Will your "ideal yard" still suit you as you age?

Getting older is a tough subject for us Baby Boomers, and an important one for an aging-in-place garden. It can also be a fascinating journey to learn more about ourselves.

What does your “ideal yard” look like?

[PIC] Weeping birch tree
[PIC] Weeping birch tree

If you make a list, that perfect yard may include:

  • A smooth green yard that’s easy to take care of
  • Plants that look pretty year-round when seen by neighbors or people driving by
  • A tree in the middle of the front yard
  • Evergreen shrubs or fencing to hide the trash and recycling cans
  • Attractive plants around the foundation of the house

This is the typical landscape found around most homes. It’s the yard that’s standard for the neighborhood and fits in with everyone else’s. In the same way that developers put the same roof on all the homes in a subdivision, they install five plants from their palette of nine in front of the houses. When you drive through a subdivision, you can identify which ones have detailed restrictive covenants. You can quickly determine which ones have powerful homeowners associations. All of the yards look similar. The yards look neat and well-maintained. They look cared-for.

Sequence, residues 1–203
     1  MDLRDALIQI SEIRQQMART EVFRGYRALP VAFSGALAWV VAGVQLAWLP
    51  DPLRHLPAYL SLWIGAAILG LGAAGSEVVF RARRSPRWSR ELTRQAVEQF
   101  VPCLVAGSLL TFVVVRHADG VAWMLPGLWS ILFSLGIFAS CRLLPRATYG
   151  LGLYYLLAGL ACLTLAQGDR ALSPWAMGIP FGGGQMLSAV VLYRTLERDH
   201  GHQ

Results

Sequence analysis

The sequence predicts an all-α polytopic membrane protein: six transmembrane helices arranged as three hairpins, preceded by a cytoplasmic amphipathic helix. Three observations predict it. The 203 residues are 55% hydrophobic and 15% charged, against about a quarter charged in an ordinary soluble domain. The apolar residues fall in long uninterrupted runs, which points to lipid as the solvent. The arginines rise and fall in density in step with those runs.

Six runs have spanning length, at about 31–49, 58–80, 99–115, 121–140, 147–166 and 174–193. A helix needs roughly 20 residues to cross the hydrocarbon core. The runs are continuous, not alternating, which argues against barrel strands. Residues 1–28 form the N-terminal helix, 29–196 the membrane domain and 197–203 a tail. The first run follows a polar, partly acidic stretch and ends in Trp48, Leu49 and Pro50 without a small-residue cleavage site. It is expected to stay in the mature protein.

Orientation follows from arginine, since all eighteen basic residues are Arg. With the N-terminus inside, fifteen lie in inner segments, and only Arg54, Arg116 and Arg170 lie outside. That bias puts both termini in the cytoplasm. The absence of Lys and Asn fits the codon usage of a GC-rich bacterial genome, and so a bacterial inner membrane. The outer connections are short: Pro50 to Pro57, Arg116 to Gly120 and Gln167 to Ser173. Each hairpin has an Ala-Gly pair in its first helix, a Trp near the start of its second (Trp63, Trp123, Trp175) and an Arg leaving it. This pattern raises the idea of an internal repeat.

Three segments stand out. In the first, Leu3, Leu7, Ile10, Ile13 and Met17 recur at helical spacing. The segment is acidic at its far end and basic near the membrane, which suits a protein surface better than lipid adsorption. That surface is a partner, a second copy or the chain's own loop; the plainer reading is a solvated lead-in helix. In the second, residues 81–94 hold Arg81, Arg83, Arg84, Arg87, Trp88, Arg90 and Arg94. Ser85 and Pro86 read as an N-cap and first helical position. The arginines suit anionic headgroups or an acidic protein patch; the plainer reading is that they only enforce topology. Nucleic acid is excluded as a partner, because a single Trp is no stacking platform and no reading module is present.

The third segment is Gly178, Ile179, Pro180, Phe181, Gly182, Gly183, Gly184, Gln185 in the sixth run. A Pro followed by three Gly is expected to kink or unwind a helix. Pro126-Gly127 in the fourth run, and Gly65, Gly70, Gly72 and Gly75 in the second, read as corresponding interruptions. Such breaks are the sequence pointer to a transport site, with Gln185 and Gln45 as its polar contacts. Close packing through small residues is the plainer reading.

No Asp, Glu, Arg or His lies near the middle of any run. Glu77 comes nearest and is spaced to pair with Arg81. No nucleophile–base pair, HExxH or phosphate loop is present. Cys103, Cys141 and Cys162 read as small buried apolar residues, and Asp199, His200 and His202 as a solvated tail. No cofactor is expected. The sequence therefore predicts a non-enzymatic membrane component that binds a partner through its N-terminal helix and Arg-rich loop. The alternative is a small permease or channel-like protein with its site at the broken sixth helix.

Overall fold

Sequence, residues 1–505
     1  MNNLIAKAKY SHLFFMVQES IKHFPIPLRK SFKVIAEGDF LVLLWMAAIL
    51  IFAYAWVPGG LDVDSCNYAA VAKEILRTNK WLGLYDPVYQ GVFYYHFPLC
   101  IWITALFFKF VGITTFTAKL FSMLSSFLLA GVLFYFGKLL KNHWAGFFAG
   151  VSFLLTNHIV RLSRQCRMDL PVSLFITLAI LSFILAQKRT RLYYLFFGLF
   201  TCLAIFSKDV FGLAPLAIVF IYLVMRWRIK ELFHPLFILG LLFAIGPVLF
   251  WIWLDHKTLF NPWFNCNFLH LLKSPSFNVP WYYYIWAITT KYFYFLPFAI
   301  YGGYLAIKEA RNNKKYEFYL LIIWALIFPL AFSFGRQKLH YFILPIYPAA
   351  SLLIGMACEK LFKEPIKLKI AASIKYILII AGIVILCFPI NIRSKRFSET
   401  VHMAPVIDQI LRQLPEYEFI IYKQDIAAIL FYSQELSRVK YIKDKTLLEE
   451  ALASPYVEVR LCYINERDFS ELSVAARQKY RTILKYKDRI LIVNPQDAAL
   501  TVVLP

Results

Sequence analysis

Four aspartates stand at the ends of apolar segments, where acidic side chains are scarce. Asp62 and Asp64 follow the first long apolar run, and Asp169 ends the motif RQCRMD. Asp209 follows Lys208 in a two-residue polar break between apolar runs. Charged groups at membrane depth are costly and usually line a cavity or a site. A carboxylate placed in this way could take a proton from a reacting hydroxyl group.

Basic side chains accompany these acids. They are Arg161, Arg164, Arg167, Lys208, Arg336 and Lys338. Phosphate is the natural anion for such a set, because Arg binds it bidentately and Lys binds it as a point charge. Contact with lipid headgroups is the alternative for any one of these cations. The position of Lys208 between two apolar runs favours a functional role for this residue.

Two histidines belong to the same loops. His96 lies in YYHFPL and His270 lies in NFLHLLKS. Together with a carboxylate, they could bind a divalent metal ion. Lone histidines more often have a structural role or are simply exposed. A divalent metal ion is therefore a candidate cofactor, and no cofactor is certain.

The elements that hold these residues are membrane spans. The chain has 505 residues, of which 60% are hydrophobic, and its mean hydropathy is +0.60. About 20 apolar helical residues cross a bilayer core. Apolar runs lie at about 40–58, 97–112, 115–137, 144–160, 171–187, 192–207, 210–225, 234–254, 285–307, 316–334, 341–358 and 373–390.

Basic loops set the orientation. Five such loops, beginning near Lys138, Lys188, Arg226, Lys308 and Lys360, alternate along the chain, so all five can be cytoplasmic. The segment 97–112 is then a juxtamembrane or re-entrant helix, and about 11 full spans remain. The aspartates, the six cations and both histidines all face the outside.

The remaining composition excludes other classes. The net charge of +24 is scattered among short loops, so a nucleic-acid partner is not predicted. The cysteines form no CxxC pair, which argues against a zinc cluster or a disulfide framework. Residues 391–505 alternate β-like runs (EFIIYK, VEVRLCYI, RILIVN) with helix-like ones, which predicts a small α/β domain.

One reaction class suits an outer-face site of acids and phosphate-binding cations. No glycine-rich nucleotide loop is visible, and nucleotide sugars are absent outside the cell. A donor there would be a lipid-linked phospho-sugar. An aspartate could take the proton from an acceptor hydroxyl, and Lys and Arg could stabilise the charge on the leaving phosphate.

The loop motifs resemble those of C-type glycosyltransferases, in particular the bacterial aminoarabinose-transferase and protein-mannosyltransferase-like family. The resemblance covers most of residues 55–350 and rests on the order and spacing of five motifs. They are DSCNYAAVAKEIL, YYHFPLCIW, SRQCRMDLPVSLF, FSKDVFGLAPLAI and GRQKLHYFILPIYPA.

But what if it’s time to consider changing your vision of the ideal yard? Recognizing that change will happen to our bodies may mean it’s time for an ideal yard:

that is unique, that is custom-fit for you, the homeowners, that is designed around how you individually perceive nature, that provides support, healing, and living well for your lifetime.

What if you try sensory exercises and discover a hidden longing for a sculpture garden instead of lawn in the front, a garden where you can touch rough or smooth stone, feel how it’s warm or cool in sun or clouds? Maybe you want a mix of high and low shrubs with fuzzy or smooth leaves, too. What if you yearn for a tall flowering tree with a bench by the trunk where you sit in the sunlight and feel petals falling all around you in late spring? What if you want a weeping tree with branches so low you stoop under, and in stooping you notice frost has touched the ground cover here, and it’s turning red.

Maybe it’s time for your yard or garden to say it's an aging-in-place design, and Elderyarding® design. Maybe it's time for a new perspective, for an ideal yard designed to care for the people who live there instead. Second Summer can help you transform your yard into an ageless garden.